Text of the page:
Thursday, September 19, 2013

Sharlet - a Love Affair

Like all love affairs, there have been cycles ranging from "smokin'", to "taken for granted"; periods where you can't get enough, to periods where you forget the need to maintain and nourish. And so it has been with Sharlet. Sharlet is a sailboat. A 15-foot, sloop rigged daggerboard Windmill Class racing sailboat who has been part of our family for many decades. She is equally adept at providing a pleasant day sail for a couple of adults, or the skipper and two or three children in gentle breezes, as she is at providing a thrilling ride skipping across the wave tops on a reach while you hang on wide-eyed at the ragged edge of control.
Hilda and I preparing for a camping trip to Eagle Lake in 1977. Sharlet is tagging along behind the "Camper", which will also soon be burdened with our 17-foot Coleman canoe - and several of our seven children.

For over a decade it was all about racing, at least one weekend a month during the season. Over those years we gradually learned how to skipper and crew in the relentless, wave-curling blasts of the Nevada desert wind that Mark Twain called the "Washoe Zepher". By the time we had things figured out, in the late 1970's, and managed to snag the Windmill District Championship cup for two years in a row, the popularity  of sailing, especially monohulls, was in decline.

Hilda preparing for a race during a regatta at Eagle Lake, 1979

The gang at Eagle Lake in 1980. All of our combined family of seven kids enjoyed time with Sharlet. She served us faithfully on outings like this for the following three decades, asking little in the way of maintenance.
And then in 2007 sailing activity perked up, thanks to expert Windmill sailors Scott Rovanperra and Dave Nielsen. They coaxed me and Sharlet out of retirement and back to the starting line.

Racing with grandson Jeremy at Scott's Flat. Borrowed newer sails convinced me it was time to provide Sharlet with a new wardrobe.

It took only a few races to reveal that both the sails and the skipper were a bit blown out. Not only that, but those pounding planing reaches across Eagle Lake had opened up cracks in the hull. 

Summer 2007 - beginning serious restoration

2007 -The double hull has been been repaired with nautical foam, re-fiberglassed, and then finished on the inside with skid-proof paint.

2007 -Gouges resulting from many years of pulling Sharlet up on beaches, and more importantly, cracks through the outer hull that resulted from all of those pounding broad reaches across Eagle Lake, have been repaired, filled, and faired.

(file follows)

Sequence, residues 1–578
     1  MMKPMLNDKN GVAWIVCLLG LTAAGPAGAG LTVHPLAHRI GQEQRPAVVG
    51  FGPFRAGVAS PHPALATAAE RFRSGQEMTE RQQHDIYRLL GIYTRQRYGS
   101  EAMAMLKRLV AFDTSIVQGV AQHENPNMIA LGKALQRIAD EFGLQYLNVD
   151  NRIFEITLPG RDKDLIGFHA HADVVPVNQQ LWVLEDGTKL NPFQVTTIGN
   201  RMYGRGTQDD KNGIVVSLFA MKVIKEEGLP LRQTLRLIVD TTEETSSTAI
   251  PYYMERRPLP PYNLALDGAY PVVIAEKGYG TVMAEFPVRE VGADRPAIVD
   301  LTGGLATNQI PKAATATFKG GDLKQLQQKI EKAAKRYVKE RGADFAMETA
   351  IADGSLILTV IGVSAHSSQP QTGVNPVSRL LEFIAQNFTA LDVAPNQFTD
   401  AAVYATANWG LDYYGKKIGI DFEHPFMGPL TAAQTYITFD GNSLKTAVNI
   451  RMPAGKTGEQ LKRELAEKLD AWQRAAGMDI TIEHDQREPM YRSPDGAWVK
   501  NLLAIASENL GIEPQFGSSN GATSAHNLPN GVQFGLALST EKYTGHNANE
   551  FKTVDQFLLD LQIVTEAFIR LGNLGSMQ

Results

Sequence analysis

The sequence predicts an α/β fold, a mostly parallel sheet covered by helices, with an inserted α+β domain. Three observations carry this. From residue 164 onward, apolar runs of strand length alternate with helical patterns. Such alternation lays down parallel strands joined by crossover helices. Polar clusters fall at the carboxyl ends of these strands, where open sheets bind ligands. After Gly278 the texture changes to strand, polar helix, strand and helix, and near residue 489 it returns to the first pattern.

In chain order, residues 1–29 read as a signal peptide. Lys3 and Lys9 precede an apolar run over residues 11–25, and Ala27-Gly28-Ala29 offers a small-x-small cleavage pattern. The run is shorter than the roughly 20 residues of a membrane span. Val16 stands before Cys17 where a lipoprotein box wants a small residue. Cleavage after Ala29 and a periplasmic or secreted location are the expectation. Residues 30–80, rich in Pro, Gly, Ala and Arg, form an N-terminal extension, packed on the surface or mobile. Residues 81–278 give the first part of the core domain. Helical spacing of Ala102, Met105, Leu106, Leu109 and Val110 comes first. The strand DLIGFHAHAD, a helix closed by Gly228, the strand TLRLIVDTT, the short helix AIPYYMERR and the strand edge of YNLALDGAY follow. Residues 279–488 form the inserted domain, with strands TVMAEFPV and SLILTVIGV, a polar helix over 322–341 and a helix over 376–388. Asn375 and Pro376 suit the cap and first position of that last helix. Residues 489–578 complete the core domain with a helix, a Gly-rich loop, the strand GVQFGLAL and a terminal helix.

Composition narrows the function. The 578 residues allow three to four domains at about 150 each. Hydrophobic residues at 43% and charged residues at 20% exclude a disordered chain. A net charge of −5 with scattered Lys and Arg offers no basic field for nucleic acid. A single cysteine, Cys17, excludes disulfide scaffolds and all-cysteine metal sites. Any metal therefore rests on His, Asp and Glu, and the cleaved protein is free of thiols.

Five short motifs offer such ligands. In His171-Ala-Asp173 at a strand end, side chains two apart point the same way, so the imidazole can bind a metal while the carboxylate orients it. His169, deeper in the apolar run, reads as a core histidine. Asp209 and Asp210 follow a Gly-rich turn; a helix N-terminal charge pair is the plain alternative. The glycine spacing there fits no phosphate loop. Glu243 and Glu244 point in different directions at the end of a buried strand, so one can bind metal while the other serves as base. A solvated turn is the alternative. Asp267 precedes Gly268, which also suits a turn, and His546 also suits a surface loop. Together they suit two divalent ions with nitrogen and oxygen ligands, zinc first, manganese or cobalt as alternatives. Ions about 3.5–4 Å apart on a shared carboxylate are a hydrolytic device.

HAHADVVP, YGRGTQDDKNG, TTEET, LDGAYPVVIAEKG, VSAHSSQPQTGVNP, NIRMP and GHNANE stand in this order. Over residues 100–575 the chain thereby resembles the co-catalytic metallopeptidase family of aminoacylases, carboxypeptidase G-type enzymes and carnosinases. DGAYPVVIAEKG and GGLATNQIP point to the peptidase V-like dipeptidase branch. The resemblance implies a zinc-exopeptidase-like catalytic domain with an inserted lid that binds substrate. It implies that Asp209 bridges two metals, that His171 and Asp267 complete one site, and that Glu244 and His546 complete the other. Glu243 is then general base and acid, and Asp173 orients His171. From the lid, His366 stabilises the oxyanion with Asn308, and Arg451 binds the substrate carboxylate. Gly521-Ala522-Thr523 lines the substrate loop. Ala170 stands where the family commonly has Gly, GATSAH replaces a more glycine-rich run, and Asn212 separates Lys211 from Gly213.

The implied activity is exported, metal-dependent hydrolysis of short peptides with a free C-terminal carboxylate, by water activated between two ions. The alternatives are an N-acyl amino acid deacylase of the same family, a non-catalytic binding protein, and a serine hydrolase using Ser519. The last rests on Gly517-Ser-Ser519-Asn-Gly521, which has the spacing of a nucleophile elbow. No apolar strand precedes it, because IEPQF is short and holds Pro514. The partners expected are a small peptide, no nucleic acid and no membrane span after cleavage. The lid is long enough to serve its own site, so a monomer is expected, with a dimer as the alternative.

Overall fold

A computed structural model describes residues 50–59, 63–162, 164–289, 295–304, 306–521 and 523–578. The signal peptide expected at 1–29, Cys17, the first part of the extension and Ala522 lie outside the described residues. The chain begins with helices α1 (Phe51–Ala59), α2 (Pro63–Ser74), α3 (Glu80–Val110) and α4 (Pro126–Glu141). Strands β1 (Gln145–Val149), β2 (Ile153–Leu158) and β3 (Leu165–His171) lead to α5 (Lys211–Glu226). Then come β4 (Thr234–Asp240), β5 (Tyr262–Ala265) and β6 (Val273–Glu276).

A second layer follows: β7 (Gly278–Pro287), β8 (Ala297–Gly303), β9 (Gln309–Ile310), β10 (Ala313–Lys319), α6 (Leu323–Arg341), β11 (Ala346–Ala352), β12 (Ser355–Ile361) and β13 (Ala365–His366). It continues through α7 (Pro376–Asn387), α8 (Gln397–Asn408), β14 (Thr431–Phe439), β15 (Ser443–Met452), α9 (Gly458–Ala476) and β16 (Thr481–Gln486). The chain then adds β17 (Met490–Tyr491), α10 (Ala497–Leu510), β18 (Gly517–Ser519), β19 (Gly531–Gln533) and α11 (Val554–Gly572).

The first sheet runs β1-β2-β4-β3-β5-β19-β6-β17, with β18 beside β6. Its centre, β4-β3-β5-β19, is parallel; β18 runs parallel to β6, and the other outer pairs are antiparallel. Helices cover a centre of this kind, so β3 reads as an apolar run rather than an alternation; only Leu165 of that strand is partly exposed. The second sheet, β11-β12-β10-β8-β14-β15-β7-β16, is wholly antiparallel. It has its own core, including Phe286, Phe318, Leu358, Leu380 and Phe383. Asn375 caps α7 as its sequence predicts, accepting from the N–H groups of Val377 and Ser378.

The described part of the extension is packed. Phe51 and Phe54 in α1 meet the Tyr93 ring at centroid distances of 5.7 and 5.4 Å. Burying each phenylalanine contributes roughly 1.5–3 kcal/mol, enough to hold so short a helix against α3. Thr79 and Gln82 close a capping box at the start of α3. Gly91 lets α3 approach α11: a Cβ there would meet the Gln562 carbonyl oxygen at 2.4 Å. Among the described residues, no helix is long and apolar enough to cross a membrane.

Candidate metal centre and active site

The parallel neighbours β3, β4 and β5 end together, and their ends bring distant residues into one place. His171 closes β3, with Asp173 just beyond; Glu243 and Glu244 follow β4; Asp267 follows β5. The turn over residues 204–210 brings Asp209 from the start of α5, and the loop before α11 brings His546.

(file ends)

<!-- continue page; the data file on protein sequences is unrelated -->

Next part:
2007 - Sharlet turns from dirty gold to bright blue.

2007 - First coat nearly done. And not a bad job, either. 

2007 - The skipper celebrated completion of the paint job with a dip in the American River

Summer 2010 - Sharlet is back at Eagle Lake, with a solid hull, new paint, and new North sails, ready for a few more decades of sailing.

2010 - launching at Eagle with grandson Jeremy.

Eagle Lake, 2010. Daggerboard and rudder are still functional, but have yet to be fully refurbished.

Dave and Sarah at Lake Washington, West Sacramento, 2010

Scott and Montana, Lake Washington, West Sacramento, 2010
Now, during the last few days of summer, 2013, I'm inspired with another burst of enthusiastic maintenance energy, this time aimed at the rudder, tiller, and daggerboard. Was it inspired by Darrel, who continues to carry the Windmill flag, building new boats, restoring old warriors, and engaging new sailors? Or realizing that the thought of replacing Sharlet with a slower, more comfortable craft were akin to selling a family member? Or the excitement of watching the non-boats of the America's Cup duke it out? No matter. I'll cling on to the tail of this horse named Enthusiasm and hopefully hang on until these pieces of wood are as solidly gleaming as Sharlet's hull.

Fairing and sanding the rudder cheeks

Rudder and daggerboard, nearly ready to varnish

Last check before beginning to varnish. I think the tiller favors the starboard tack ...


  1. What a fantastic job! I wish I could do such fine carpentry works as you. Sharlet looks great in her new paint, and I'm sure the newly refurbished wooden parts will go great with it!

    1. Thanks Miguel. Varnishing going on today - the real, oil-based, spar varnish kind - smells so good!

  2. Great move to keep it in the family, what a fab looking craft she is. Really nice work there and a little history to boot.